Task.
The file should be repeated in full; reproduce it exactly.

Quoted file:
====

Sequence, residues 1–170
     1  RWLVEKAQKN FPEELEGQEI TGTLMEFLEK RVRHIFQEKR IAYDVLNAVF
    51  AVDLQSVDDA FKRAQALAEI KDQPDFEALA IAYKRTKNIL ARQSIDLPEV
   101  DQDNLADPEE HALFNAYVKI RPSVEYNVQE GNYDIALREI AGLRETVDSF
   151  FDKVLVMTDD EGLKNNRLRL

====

Sequence, residues 1–170
     1  RWLVEKAQKN FPEELEGQEI TGTLMEFLEK RVRHIFQEKR IAYDVLNAVF
    51  AVDLQSVDDA FKRAQALAEI KDQPDFEALA IAYKRTKNIL ARQSIDLPEV
   101  DQDNLADPEE HALFNAYVKI RPSVEYNVQE GNYDIALREI AGLRETVDSF
   151  FDKVLVMTDD EGLKNNRLRL